Letters: Puzzle Glitch; Funny Philosophy; Charlaps
REBECCA ROBERTS, host:
Time now for your letters, and we've received a number about a problem with last week's puzzle. An editing error left many of you justifiably confused. The challenge was to take a word provided by Will Shortz. Drop one letter and replace it with the letters MA to get a new word. Due to our overzealous editing, one clue - auteur - had the answer given as schmaltz, which, of course, is nonsensical. Here's the way it was supposed to go.
WILL SHORTZ: Auteur, A-U-T-E-U-R.
Ms. ALISHA McWILLIAMS (Puzzle Winner): Amateur.
SHORTZ: Amateur, yes. Schultz, S-C-H-U-L-T-Z.
LIANE HANSEN: Do you know Yiddish?
Ms. McWILLIAMS: No. I think that's the problem.
(Soundbite of laughter)
HANSEN: Oh, I'll give you this one: schmaltz.
SHORTZ: Schmaltz is it.
Ms. McWILLIAMS: Oh, I've heard that.
ROBERTS: We apologize for our mistake. We hope it didn't throw off your Sunday morning. Many of you enjoyed the segment last week with Thomas Cathcart and Daniel Klein, authors of "Plato and a Platypus Walk into a Bar: Understanding Philosophy Through Jokes." A few of you sent in your own philosopher jokes.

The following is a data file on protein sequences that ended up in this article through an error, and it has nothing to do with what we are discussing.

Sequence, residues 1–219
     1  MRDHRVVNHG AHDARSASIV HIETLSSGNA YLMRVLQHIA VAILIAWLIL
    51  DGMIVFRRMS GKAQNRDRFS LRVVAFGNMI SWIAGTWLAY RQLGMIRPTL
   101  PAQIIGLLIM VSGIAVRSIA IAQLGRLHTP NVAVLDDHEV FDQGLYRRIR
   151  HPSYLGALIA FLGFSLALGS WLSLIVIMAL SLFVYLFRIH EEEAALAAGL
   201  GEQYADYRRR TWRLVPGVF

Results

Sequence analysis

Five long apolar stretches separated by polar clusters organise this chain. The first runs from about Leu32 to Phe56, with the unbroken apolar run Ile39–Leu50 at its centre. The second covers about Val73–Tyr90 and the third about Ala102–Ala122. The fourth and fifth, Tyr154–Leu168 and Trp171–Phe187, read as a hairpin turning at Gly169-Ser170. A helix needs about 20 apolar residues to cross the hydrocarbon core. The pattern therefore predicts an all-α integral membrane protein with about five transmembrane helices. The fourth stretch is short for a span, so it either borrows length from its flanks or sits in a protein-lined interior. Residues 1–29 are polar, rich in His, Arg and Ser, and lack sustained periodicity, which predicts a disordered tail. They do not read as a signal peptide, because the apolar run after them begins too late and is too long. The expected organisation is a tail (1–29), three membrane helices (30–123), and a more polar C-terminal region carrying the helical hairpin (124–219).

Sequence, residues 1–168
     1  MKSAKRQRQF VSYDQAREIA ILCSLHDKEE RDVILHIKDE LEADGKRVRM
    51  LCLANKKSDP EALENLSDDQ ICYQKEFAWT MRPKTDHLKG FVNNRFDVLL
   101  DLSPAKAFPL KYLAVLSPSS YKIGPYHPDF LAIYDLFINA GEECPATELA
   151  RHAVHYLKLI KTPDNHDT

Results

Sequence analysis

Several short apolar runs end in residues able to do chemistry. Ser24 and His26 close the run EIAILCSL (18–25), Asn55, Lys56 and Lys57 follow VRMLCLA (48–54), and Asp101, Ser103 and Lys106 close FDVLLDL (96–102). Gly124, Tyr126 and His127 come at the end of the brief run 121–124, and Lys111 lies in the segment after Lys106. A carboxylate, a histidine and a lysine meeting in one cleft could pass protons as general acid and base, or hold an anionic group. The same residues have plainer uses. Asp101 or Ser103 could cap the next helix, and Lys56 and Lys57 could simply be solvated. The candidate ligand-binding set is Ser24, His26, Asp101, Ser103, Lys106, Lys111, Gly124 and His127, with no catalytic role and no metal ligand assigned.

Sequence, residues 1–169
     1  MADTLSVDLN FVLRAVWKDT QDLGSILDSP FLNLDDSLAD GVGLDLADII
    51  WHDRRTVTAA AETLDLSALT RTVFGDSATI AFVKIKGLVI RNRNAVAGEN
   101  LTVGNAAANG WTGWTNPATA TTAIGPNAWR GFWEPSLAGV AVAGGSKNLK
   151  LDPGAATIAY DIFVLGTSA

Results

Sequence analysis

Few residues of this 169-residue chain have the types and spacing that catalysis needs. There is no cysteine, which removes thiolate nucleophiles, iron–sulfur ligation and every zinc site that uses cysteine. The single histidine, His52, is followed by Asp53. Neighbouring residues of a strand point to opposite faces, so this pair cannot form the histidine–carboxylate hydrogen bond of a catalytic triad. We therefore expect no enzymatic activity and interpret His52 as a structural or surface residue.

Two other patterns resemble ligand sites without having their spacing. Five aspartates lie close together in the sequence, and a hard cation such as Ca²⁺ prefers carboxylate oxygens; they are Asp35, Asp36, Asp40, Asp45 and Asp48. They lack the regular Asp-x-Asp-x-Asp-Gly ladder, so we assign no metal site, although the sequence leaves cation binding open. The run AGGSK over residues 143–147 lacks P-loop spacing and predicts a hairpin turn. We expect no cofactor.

Philip Williams(ph) of Coral Gables, Florida wrote us with his favorite. Rene Descartes walks into a bar and orders a beer. He drinks it and the bartender says, want another one? Descartes replies, I think not. And poof, he disappears.
John Gallagher(ph) of Burlington, Vermont, added this gem. How many Marxists does it take to screw a light bulb? None. The light bulb contains the seeds of its own revolution. Then he adds, nothing is funnier than our struggle to put meaning in this thing we call life. The punch line is that the joke is on us.
Finally, our Mother's Day interview with pianist Bill Charlap and his mother, vocalist Sandy Stewart prompted Peter Albertson(ph) of Pittsfield, Massachusetts to write to us. I've listened to Bill Charlap for years and I've always enjoyed his work, he writes. You have helped me discover a singer I do not believe I've ever heard before. She's marvelous in her sound, phrasing, intonation and the emotional content of her singing within a jazz context.
Thank you to Liane Hansen, to Bill Charlap, and most of all to Sandy Stewart.
You can write to us, too. Just go to our Web site, npr.org, and click on the Contact Us link.
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ROBERTS: This is NPR News.
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